For the second time a researcher at the DKFZ has been awarded the highest distinction in science: Professor Stefan Hell, director of the Max-Planck Institute for Biophysical Chemistry in Göttingen and department head at the DKFZ, has been awarded this year´s Nobel Prize in Chemistry for his pioneering work in the field of ultra high resolution fluorescence microscopy. This follows the 2008 Nobel Prize in Medicine for Harald zur Hausen.
“Stefan Hell is an absolutely exceptional scientist,” says Professor Otmar D. Wiestler, Chairman of the Management Board and Scientific Director of the German Cancer Research Center (DKFZ). “We are delighted and very proud to have a second Nobel Prize winner from the DKFZ, following Harald zur Hausen, within just a couple of years.” The highest distinction in science rewards many years of tireless research work during which Stefan Hell achieved a ten-fold increase in the resolution of light microscopy, making it possible for scientists to obtain images of structures ten times smaller than anyone had previously thought possible. “He has taken microscopy to a completely new dimension,” Wiestler says.
“During my PhD thesis work, I already suspected that the matter of light microscopy had not yet been entirely thought through,” Stefan Hell remembers. At that time light microscopy was believed to have reached its limits, at a barrier of 200 nanometers, as defined by Ernst Abbe in his famous diffraction law of 1873: For two dots to be distinguished in the focal plane of the objective, they have to be separated by a distance equal to at least half the wavelength of visible light. It was not until 120 years later, in the early 1990s, that physicist Stefan Hell was able to break this “magic” barrier and to lay the foundation for light microscopy at nanometer resolution, i.e. light nanoscopy.
In 1990, in a first step, Hell invented the 4Pi microscope, in which a sample is illuminated from two directions at the same time. This concept immediately improved resolution by four to seven times. He then went on to develop “stimulated emission depletion” (STED) microscopy, a technique based on the properties of fluorescence dyes that are used for dying proteins or DNA. STED can visualize biological structures that are up to 2000 times thinner than a human hair (achieving a resolution of 20 to 50 nanometers).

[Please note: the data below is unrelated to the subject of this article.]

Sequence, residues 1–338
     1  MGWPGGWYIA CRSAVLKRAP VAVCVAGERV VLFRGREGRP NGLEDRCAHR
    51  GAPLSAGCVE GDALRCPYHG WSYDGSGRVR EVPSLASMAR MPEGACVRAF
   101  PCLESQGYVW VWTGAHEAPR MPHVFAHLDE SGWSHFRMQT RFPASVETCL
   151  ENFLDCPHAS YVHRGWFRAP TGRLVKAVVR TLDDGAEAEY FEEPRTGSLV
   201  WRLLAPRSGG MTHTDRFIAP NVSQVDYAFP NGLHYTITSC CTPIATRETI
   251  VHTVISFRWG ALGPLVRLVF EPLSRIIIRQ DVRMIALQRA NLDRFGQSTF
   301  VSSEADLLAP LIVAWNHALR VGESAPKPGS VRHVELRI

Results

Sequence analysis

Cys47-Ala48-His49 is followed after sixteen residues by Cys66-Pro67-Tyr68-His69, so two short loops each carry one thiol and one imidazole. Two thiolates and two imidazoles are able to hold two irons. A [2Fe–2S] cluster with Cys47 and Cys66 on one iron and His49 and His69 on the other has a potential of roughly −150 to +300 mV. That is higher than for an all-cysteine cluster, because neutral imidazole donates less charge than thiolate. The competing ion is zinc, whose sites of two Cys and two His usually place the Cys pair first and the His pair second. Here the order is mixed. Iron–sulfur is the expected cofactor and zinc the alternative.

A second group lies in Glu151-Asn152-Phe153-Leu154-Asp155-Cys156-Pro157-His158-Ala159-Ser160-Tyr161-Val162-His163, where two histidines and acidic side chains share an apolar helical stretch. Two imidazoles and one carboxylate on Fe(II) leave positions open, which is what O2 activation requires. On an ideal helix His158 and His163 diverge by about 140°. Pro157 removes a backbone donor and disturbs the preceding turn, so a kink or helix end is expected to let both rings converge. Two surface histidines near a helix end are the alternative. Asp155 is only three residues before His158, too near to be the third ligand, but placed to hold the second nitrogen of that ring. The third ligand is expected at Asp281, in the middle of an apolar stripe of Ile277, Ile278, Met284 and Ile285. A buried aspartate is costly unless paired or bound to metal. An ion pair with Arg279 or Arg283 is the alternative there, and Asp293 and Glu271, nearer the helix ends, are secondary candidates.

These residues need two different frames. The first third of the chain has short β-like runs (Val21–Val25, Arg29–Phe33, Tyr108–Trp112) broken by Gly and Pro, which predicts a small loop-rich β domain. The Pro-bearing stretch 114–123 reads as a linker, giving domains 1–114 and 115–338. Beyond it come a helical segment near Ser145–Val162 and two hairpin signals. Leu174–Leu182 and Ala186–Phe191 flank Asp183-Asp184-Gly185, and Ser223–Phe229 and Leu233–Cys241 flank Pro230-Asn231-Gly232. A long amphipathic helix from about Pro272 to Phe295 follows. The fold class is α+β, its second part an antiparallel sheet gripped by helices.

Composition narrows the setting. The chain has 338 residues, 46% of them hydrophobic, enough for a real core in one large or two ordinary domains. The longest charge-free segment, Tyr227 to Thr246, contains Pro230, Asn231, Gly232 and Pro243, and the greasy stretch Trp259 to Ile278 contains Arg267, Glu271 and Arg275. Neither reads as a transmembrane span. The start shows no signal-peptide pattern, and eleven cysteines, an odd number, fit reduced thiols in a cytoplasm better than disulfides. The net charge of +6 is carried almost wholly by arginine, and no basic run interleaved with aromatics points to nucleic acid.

“The Nobel Prize makes me very proud and grateful – after all, it is the highest distinction in science,” says Hell, who is Director at the Max-Planck-Institute for Biophysical Chemistry in Göttingen and simultaneously heads the Division of Optical Nanoscopy at the DKFZ. “But most of all it is exhilarating for me to see how the STED microscope has empowered basic research in medicine. Although electron and scanning probe microscopes also permit observations of structures at nanoscales, these techniques require cutting samples into ultra-thin sections. This makes it impossible to use them to study intact or living cells. STED microscopy also delivers nanoscale insights into living cells, without these restrictions.”
At the DKFZ Hell and his co-workers are using ultra-powerful variants of these new techniques for basic biological and medical research. In one project they are studying the distribution of receptor proteins on the surfaces of viruses – molecules that are relevant for infectious processes. Ultra-fast imaging can also visualize physiological processes such as the transport or release of chemical messengers at the ends of nerve cells. Additionally, through a combination of STED and 4Pi microscopy, the researchers attain improved spatial resolution that makes it possible to obtain information about the smallest details in the interior of living cells, for example the distribution of specific proteins in small cell organelles such as the mitochondria, the power plants of the cells.
Stefan Hell (born in 1962) earned his PhD in physics from the University of Heidelberg in 1990. From 1991 to 1993, he worked at the European Molecular Biology Laboratory (EMBL) in Heidelberg, followed by three and a half years of research positions at the Universities of Turku, Finland, and Oxford, United Kingdom. In 1997, he joined the Max Planck Institute for Biophysical Chemistry in Göttingen as a junior research group leader. Hell was appointed a Max Planck Director and head of the Department of NanoBiophotonics at this institute in 2002. In addition, he has headed the Division of Optical Nanoscopy at the German Cancer Research Center (DKFZ) in Heidelberg since 2003. Hell has been honored with numerous prestigious awards. Most recently, in September 2014, he received the Kavli Prize in Nanoscience, and one year earlier, in September 2013, the Carus Medal from the German National Academy Leopoldina. In 2011, when he won the Meyenburg Award for Cancer Research, the physicist said: “This is something very special, because it shows that our research is being applied on a broader basis – and cancer concerns us all, unfortunately. In this sense, I dearly hope, and I am excited, that in the future we will obtain many insights that will help fight cancer.”
Hell shares the €875,000 Nobel Prize in Chemistry with his American colleagues Eric Betzig from the Howard Hughes Medical Institute in Ashburn, U.S.A., and William E. Moerner of Stanford University, U.S.A.